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These are instructions for how to add swingarm spool mounting holes to a Honda F4i swingarm.  Swingarm spools provide a safer and much more convenient method of lifting the rear of your bike for doing tire changes, chain lube, etc.  Most bikes come with threaded mounting holes for spools, but the F4i is an exception (this could also be done on any other bike that doesn't come with spool mounting holes).  This definitely isn't the simplest way, but I wanted a nice clean look without the mounting holes sticking off the bottom, and I wanted something stronger than just drilling and tapping a hole in the relatively thin-walled, hollow, aluminum swingarm.

This method requires that you take the swingarm off the bike.  I won't go into detail on taking the swingarm off, so if you haven't done that before and you don't know how, you might want to take a look at the service manual or something similar.  The swingarm on your bike should look something like the picture above.  I also added a picture of some spools on another bike so you can see how they work.

I did all the work at the TechShop in Menlo Park, CA because they have all the tools I needed including an engine hoist, TIG welder, sandblaster, powdercoating system, angle grinder, hand tools, etc.  If you're interested in TechShop it's a DIY membership-based workshop, you can get more info at www.techshop.ws

Step 1: Remove Swingarm

As I said I won't go into detail on removing the swingarm, but you'll need to lift the rear of the bike without using the swingarm, which means you can't use a traditional rear stand.  I used an engine hoist at the TechShop to hold the back end up, but you could also probably use a jack if you're careful.  You'll have to remove the rear tire, the brake caliper and lines, and the front sprocket cover, before you can remove the swingarm.  You'll also have to make a special tool that looks like the picture above for the locking collar on the swingarm pivot bolt (marked in red on the second picture).  I used an angle grinder with a cut off wheel to cut reliefs in an old socket.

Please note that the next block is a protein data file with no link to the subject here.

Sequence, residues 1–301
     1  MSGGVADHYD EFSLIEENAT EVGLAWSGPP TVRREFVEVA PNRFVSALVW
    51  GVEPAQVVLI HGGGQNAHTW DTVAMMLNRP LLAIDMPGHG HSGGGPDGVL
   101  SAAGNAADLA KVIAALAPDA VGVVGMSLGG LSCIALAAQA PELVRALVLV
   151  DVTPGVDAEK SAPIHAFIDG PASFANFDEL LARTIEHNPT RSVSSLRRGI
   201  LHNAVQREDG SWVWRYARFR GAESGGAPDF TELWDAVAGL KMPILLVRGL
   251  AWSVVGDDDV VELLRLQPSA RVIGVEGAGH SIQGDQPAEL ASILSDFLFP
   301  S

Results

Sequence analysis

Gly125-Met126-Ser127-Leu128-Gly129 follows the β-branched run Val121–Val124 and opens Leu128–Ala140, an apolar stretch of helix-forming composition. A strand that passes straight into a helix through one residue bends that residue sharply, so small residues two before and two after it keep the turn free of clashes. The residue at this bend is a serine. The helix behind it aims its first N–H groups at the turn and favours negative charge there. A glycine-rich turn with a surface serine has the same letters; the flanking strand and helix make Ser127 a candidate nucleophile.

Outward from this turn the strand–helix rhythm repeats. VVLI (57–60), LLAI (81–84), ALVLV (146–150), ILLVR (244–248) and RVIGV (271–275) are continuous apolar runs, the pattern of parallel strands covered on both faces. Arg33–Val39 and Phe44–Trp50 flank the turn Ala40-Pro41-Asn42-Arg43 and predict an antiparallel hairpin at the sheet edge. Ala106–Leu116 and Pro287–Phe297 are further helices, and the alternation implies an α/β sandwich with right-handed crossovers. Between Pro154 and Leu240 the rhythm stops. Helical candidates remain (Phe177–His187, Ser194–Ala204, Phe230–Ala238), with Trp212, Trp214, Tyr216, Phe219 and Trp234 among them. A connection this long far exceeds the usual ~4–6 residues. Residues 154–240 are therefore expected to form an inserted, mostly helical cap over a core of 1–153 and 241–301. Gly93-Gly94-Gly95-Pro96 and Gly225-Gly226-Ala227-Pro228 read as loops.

Step 2: Machine Inserts

Now you'll have to machine some threaded aluminum inserts that will slide through both sides of the swingarm and be welded in.  I used a manual engine lathe at the TechShop.  The thread diameter and pitch will have to match whatever threads your spool mounting bolts have, and the outside diameter of the inserts should be at least twice the nominal thread diameter for strength.  The inserts need to be long enough to go through the swingarm and stick out a bit on either side to give you a surface to weld to.

Step 3: Drill/Weld

The next step is to drill holes through the swingarm using a hole saw or oversized drill bit.  The holes need to be big enough to fit the inserts snugly, and the holes should be perpendicular to the outer surface of the swingarm.  Once you have drilled the holes, clean the metal surrounding them, and weld the inserts in place.  I used a TIG welder at the TechShop.

Step 4: Paint/Reinstall

Once everything has cooled down, you can touch up the swingarm with some flat black spray paint and reinstall it.  I decided to powdercoat mine instead because they have a sandblaster and a powdercoating system at the TechShop.  It came out really nice but I haven't put the bike back together yet so I don't have any pictures of the finished product.  With the spools installed, it will look something like the picture above.
<p>This is cool. Were you concerned at all about compromising the structural integrity of the swingarm by drilling and welding it (or did you heat treat the swingarm after you were done)?</p>

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